Creating a Firestop Health Check



How do you know if the fire seal you are looking at on site is fit for purpose? It is not a comfortable feeling when you consider that these seals are essential to life safety. We interviewed Duncan Alabaster, Technical Manager at Polyseam to discuss how to create a firestop health check.


The ‘Firestop Health Check’ gives designers, builders, building maintenance and other responsible persons a basic four stage template of key points to consider with penetration seal design when assessing the suitability of a firestop. The check list based on firestop systems which have either CE marked or UKCA (United Kingdom Conformity Assessed) approvals.


Construction of the walls and floors

The first thing that needs to be established is the construction of the fire compartment wall or floor that services are passing. The service penetration seal testing standard EN1366-3, specifies a number of standard wall and floor constructions with specific fire resistances. For gypsum board stud walls, the number and thicknesses of boards, stud and insulation types is an important consideration.


The standard wall and floor constructions used in the testing standard have minimum fire resistance ratings in both terms on integrity and insulation ratings:


· ‘E’ denotes integrity – the time it takes for fire to physically penetrate through a seal and ignite a cotton wool pad.


· ‘I’ denotes insulation – the time it takes for the temperature measured on the non-fire side to increase by 180°C above the ambient laboratory temperature on the fire seal or the penetration.


Rules allow manufacturers to use an approval gained in a dry wall construction with both deeper dry wall constructions and masonry/concrete walls. Approvals in masonry walls do not give approval for dry wall systems. Wall test data cannot be used to support approvals in floors and vice versa.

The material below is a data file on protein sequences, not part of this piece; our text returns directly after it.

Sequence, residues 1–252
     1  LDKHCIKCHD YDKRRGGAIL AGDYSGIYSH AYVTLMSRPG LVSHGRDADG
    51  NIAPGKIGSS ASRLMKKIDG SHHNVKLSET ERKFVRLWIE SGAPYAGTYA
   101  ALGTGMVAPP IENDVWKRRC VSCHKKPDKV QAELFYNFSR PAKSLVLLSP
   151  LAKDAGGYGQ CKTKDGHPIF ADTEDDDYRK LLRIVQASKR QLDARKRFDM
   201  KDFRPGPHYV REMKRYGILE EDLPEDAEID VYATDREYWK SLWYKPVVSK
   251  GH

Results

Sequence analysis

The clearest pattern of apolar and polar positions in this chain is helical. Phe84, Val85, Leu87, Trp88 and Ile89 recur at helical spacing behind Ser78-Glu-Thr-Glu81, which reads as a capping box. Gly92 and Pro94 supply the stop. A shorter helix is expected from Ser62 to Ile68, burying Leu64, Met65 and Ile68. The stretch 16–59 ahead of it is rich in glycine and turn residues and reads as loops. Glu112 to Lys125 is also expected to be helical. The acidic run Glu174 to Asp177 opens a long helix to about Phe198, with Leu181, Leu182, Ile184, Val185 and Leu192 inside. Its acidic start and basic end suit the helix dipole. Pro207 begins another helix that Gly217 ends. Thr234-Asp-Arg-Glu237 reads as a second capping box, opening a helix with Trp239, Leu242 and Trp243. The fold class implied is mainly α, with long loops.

Separation distances

The second area to focus on is the size of the aperture around the penetration. This is likely to influence the type of firestop that you can use to fill the void around the penetration and enable the installer to install a sufficient depth of seal.


With larger apertures (greater than 30mm wide) in walls, you will need to use a product like a Protecta FR Board, which consists of a stone wool slab coated with a fire-resistant ablative coating, which is cut around the service and adhered together and to the wall with Protecta FR Acrylic Intumescent Sealant. For smaller annular spaces (10-30mm wide), you may need to use Protecta FR Acrylic Intumescent Sealant with an appropriate backing material.


The European Technical Assessment (ETA) for firestop products dictate the percentage of the hole occupied by the services and the minimum and maximum distances that separate services from the substrate and from each other.


Within Protecta approvals, adjacent non-combustible services can touch within a seal; non-combustible to combustible or combustible to combustible service require a 30mm separation distance.


Service types passing through compartment walls and floors

The third factor to consider are what services pass through the aperture and whether they are single or multiple services.


The European Technical Assessment (ETA) for a product will determine the maximum percentage fill of an aperture with multi-service penetrations


For cable penetrations you need to find approvals for the required fire resistance that fit in the cable diameters, cable bunch sizes and the cable management systems being used.

For pipe penetrations, approvals must reflect the pipe type (metal or plastic (PVC/PE/PP)), pipe diameter and pipe wall thickness.


If pipes are insulated, approvals must be sought which match the type of insulation (Stone wool, glass wool, phenolic and elastomeric), insulation thickness and whether it is running continuously through the seal or cut both sides of the seal.


Service support centres

Lastly, it is important to ensure that the first service support away from both faces of the walls and from the top of concrete floors, sits within the maximum distance stated in the approval.


The first service supports are often forgotten feature of the penetration seal design which help prevent the penetration seal from being levered out of the wall if service runs collapse in a fire.

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